Ocean Acidification: How does it work?

While a lot of attention is given to the most tangible effects of climate change- rising temperatures, rising sea levels and more powerful storms, another significant effect tends to slip under the radar. This is ocean acidification, often dubbed the ‘evil twin’ of global warming. But what does ocean acidification actually entail?

The common perception of acid is a cartoonish idea of a highly corrosive liquid that bubbles and hisses viciously as it dissolves and attacks solid matter. This is only reinforced by the worrying rise in acid attacks throughout the UK. However, while some acids can undoubtedly cause burns and disfigurement to people, there are many types of acid and the vast majority are relatively harmless to humans. To understand ocean acidification, it is important to understand what an acid is.

Scientifically speaking, an acid is any particle capable of donating a proton. If you cast your mind back to school science lessons, you will remember that atoms are made up of three particles as follows:

-Protons (particles with a positive charge denoted by a ‘+’)

-Neutrons (particles with a neutral charge)

-Electrons (particles with a negative charge denoted by a ‘-‘)

When a Hydrogen atom (H) loses an electron, it becomes a proton. This means that protons can be written as ‘H+’ (A hydrogen ion with a positive charge since protons have a ‘+’ charge). So acids are any substances which can release H+ ions into a solution. In fact this is why the acidity of a solution is measured using the ‘pH’ scale which is simply a mathematical measurement of the amount of H+ ions floating around (this is what the ‘H’ in ‘pH’) stands for. The more H+ ions are released by an acid, the lower the pH value and the more acidic the solution becomes.

So what does this have to do with ocean acidification? Well, when carbon dioxide (CO2) reacts with water (H2O) , carbonic acid (H2CO3) is produced. The two hydrogens in carbonic acid can be released as H+ ions in the chemical reactions shown below.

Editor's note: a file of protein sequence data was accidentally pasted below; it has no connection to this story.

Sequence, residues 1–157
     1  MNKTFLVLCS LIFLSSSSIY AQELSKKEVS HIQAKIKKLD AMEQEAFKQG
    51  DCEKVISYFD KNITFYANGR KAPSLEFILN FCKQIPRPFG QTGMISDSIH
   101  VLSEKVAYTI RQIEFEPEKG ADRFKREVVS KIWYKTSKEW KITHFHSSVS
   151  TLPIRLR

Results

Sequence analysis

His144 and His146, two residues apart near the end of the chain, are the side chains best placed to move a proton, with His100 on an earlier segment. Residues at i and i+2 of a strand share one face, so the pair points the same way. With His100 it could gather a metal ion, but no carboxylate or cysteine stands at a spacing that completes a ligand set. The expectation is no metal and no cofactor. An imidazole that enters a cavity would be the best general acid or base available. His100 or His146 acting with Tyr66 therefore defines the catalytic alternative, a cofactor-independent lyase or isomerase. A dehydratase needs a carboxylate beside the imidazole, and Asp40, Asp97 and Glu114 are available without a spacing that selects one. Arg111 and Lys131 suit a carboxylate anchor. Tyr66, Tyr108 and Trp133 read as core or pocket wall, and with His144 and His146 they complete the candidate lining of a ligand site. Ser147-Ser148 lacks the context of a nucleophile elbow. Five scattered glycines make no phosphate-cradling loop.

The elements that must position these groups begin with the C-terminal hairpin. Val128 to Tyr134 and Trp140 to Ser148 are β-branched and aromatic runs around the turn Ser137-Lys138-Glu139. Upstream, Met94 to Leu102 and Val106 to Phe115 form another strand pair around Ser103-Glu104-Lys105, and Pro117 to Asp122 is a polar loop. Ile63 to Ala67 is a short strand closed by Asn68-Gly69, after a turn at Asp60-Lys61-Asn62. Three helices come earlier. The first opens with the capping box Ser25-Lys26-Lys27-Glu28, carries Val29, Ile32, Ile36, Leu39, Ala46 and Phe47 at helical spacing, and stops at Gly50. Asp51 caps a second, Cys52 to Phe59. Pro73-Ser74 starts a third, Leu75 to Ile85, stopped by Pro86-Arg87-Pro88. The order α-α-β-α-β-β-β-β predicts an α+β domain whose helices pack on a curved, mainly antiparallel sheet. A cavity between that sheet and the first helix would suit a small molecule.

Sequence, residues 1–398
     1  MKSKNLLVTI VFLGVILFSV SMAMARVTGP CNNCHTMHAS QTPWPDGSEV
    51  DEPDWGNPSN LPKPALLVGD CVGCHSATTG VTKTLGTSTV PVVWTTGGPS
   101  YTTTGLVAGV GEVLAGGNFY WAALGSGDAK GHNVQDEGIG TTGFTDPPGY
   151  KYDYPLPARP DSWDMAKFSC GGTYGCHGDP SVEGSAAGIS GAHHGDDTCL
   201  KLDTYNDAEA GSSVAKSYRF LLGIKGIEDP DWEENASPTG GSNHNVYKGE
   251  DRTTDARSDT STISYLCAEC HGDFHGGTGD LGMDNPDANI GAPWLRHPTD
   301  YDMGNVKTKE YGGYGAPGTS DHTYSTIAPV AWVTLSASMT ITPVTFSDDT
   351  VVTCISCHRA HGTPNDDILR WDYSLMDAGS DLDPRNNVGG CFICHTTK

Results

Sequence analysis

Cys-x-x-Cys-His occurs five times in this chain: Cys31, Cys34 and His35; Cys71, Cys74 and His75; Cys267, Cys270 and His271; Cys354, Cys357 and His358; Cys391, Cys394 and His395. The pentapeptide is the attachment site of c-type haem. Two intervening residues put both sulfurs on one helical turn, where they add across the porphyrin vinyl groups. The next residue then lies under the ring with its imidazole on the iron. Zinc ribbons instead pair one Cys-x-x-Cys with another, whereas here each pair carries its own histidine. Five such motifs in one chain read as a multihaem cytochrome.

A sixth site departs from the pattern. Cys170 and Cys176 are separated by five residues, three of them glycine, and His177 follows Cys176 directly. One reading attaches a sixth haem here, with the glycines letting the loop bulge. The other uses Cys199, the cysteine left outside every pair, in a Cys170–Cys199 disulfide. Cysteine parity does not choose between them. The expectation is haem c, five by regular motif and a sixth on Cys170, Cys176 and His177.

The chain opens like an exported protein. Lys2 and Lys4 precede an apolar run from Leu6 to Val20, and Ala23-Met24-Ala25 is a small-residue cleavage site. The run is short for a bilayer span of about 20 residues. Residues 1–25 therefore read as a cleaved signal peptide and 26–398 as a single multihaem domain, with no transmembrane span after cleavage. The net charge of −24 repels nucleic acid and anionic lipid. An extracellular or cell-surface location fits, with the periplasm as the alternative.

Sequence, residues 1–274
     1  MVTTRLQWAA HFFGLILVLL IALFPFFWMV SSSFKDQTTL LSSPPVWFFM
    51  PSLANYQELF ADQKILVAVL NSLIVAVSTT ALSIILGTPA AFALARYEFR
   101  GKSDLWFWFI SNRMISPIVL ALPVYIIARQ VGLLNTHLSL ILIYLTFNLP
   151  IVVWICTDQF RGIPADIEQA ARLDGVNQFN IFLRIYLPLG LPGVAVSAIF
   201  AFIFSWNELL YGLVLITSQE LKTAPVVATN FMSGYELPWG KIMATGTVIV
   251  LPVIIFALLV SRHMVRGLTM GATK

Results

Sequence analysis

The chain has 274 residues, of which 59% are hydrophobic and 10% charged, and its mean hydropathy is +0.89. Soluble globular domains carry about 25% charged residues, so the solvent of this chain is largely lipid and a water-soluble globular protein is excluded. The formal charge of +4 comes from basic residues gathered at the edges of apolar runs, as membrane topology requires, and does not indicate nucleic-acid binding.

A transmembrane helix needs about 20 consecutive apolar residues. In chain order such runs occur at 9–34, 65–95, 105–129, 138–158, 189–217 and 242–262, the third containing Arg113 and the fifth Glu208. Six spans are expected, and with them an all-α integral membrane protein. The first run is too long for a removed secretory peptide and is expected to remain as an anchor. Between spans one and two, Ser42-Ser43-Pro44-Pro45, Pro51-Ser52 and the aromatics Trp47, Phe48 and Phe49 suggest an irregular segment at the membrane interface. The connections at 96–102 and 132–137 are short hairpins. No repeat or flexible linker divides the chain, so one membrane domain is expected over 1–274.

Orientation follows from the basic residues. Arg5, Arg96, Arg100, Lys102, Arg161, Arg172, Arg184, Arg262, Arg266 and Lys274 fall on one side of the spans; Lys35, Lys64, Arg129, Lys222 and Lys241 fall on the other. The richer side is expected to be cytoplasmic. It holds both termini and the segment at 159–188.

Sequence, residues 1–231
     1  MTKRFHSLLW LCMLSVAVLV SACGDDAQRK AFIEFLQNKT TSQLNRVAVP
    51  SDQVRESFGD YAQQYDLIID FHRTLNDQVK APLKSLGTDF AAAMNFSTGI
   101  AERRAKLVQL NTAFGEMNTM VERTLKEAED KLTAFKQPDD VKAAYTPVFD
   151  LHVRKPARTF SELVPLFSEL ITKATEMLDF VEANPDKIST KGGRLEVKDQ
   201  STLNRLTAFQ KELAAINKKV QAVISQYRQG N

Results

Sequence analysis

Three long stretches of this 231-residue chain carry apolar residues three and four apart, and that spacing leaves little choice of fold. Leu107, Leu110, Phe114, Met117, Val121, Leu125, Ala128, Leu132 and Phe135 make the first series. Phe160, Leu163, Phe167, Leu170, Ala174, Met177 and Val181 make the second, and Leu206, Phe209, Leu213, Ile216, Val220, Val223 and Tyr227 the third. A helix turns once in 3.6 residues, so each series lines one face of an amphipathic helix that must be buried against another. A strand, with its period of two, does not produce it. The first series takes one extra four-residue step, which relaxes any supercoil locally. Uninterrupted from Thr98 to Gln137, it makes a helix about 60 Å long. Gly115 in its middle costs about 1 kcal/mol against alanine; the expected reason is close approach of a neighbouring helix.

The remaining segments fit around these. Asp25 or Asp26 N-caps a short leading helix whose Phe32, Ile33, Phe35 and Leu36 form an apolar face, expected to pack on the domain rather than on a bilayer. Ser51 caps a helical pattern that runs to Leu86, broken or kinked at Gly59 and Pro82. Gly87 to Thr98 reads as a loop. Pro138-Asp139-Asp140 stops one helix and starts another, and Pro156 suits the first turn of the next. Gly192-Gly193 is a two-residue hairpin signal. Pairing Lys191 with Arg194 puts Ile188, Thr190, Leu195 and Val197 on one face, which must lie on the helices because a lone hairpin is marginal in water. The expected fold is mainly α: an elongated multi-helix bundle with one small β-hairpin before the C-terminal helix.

Carbonic Acid (H2CO3) = Bicarbonate (HCO3) + hydrogen ion/proton (H+)

Bicarbonate (HCO3) = Carbonate (CO3) + hydrogen ion/proton (H+)

All these reactions are happening in ‘solution’, in other words, all the components in the reaction are dissolved in water. While it is not necessary to understand exactly what is going on in these reactions, the production of H+ ions lowers the pH value of seawater making it more acidic. So in simple terms, the more CO2 that humans release into the atmosphere, the more CO2 dissolves in the oceans and the more acidic the oceans become.

The oceans are naturally mildly basic (the opposite of acidic) and it is important to note that even with the vast amounts of CO2 we are releasing into the atmosphere, the pH of seawater is unlikely to massively change, mainly due to the fact that there is just so much seawater on the planet. However, human CO2 has already made the oceans slightly less basic by increasing the acidity. This is a problem because ocean life is adapted to survive in a very limited range of pH and even small changes can have drastic effects on the type of algae, plankton and other lifeforms that can survive in the water.

The most visible effect of ocean acidification has been on coral reefs around the planet. Corals are made of calcium carbonate (CaCO3), the same stuff that makes chalk and limestone and when calcium carbonate comes into contact with H+ ions it breaks down in the following reaction:

CaCO3 + H+ = Ca + HCO3

In other words it dissolves. This means that as oceans become more acidic due to the increase in H+ ions floating around, corals will find it harder and harder to grow as they are battling to make more calcium carbonate (CaCO3) before it dissolves.

Corals are in turn vital to supporting many ecosystems like the Great Barrier Reef in Australia and there are many other lifeforms which are being badly affected by increasing acidity in the oceans. Once again it is crucial to remember that ecosystems are in a fine balance and that affecting one species can have a knock-on effect on the whole ecosystem. In other words, ocean acidification has the potential to radically change the entire marine ecosystem and that could have as-yet unknown impacts on land, not to mention increased vulnerability to coastal communities which are sheltered by coral reefs.

Cover Image Source:By Tiago Fioreze (Own work) [CC BY-SA 3.0 (https://creativecommons.org/licenses/by-sa/3.0) or GFDL (http://www.gnu.org/copyleft/fdl.html)], via Wikimedia Commons

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